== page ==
Othering in gossip: 'you go out, you have a laugh and you can pull, ok but
- Publisher: Cambridge University Press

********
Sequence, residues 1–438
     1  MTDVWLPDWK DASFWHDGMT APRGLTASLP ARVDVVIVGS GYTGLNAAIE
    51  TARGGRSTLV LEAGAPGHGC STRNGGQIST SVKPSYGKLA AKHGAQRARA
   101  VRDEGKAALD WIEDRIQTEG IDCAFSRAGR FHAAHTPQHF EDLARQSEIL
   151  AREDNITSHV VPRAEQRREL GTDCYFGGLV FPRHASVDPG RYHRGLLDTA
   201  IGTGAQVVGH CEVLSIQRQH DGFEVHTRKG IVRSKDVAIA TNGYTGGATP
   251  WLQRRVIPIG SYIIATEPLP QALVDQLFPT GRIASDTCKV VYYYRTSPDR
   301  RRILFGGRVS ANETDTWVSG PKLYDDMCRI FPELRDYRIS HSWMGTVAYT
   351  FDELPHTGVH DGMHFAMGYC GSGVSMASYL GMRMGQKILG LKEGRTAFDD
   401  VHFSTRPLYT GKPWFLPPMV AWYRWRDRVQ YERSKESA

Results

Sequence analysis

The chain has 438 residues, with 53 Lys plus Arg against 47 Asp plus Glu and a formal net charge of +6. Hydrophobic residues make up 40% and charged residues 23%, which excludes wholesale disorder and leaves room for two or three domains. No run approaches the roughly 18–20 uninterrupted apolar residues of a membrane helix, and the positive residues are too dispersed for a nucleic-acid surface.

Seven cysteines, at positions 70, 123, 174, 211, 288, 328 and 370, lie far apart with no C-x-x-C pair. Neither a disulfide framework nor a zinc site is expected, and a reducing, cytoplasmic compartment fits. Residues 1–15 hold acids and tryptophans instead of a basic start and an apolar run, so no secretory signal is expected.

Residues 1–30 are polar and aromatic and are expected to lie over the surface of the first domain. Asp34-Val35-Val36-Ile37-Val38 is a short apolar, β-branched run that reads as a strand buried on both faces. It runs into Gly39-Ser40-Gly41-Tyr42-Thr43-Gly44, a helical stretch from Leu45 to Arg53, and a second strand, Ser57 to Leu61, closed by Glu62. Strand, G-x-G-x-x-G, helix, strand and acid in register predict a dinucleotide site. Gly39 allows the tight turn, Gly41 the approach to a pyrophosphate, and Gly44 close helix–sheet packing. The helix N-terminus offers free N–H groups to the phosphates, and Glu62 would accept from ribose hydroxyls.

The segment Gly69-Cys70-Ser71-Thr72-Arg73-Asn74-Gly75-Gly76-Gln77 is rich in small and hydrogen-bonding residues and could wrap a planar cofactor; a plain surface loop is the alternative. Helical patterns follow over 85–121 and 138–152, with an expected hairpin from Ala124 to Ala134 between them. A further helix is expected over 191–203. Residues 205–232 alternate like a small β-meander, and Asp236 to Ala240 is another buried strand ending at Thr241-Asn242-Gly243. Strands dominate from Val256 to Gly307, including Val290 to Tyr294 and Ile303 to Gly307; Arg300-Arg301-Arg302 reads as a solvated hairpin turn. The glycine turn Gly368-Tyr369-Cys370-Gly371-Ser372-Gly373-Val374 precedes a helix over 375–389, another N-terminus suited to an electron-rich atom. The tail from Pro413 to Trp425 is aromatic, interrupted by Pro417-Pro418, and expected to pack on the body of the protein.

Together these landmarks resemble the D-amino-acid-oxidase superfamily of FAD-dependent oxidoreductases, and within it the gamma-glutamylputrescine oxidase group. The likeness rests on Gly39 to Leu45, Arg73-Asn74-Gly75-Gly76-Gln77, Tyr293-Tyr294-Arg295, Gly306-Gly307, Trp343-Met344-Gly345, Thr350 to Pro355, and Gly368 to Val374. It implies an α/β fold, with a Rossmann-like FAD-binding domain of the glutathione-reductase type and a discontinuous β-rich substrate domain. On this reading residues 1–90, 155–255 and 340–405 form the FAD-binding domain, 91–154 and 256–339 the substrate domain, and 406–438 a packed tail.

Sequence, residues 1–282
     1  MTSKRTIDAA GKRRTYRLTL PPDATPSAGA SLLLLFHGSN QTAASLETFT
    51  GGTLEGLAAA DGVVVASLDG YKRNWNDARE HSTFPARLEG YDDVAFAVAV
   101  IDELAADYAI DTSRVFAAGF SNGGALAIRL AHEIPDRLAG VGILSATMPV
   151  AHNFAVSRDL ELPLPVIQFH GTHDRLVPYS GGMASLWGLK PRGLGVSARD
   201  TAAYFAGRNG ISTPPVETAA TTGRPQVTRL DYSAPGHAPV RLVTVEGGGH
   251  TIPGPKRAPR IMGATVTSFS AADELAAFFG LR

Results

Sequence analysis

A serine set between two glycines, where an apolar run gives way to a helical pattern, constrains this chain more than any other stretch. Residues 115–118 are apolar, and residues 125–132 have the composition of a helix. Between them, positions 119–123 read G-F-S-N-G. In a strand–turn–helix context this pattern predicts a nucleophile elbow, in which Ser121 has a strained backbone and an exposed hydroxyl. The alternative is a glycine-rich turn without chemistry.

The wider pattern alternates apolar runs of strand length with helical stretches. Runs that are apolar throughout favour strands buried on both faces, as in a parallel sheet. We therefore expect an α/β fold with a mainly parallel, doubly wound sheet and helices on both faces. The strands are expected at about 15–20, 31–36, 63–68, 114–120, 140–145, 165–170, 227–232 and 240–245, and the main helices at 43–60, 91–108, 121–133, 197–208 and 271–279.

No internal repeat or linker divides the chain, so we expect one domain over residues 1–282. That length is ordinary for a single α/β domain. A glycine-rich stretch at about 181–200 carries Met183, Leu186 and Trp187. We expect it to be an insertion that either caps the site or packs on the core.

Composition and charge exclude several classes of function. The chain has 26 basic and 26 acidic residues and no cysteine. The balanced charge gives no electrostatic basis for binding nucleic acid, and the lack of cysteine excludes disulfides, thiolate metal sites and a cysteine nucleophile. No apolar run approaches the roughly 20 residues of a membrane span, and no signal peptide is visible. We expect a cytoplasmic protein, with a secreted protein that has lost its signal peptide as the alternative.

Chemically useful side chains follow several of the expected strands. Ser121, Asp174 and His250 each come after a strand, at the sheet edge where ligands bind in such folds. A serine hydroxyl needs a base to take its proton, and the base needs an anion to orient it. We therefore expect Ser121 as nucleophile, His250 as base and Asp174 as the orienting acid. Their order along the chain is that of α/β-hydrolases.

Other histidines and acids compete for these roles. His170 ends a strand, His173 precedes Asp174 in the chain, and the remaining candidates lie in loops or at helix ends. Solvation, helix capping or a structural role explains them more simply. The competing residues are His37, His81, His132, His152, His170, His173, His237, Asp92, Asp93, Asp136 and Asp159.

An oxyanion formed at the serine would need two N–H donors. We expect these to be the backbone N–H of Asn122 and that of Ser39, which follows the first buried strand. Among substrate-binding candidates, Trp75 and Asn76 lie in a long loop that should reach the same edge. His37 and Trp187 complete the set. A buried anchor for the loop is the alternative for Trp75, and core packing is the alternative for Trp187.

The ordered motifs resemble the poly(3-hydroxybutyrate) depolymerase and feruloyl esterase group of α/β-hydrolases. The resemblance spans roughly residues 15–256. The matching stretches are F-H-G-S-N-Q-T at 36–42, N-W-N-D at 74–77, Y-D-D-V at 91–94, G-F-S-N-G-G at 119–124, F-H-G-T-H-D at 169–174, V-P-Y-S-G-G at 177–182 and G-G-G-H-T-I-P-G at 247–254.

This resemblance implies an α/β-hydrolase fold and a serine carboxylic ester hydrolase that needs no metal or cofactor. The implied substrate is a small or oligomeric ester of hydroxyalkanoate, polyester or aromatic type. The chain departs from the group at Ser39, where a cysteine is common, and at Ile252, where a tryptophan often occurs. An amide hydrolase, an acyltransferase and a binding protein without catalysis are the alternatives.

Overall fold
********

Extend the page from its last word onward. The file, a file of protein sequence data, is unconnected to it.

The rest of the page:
It has been claimed that gossip allows participants to negotiate aspects of\ud group membership, and the inclusion and exclusion of others, by working out\ud shared values. This article examines instances of gossipy storytelling among\ud young friends during which participants negotiate self- and other-identities\ud in particular ways. Participants are found to share judgments not only about\ud others’ behavior but also about their own behavior through particular processes\ud of othering. A range of discursive strategies place the characters in\ud gossip-stories (even in the category called “self-gossip”) in marginalized,\ud liminal, or uncertain social spaces. In the gossipy talk episodes examined,\ud social “transgression” might be oriented to as a serious matter and thus pejorated,\ud or oriented to in a playful key and thus celebrated. This ambiguity –\ud “Do we disapprove or approve, of this ‘bad’behavior?” – means that in negotiating\ud the identity status of “gossipees” liminality is constant. It is argued\ud that othering, as an emergent category, along with the particular discursive\ud strategies that achieve it, is an aspect of gossip that deserves further attention.
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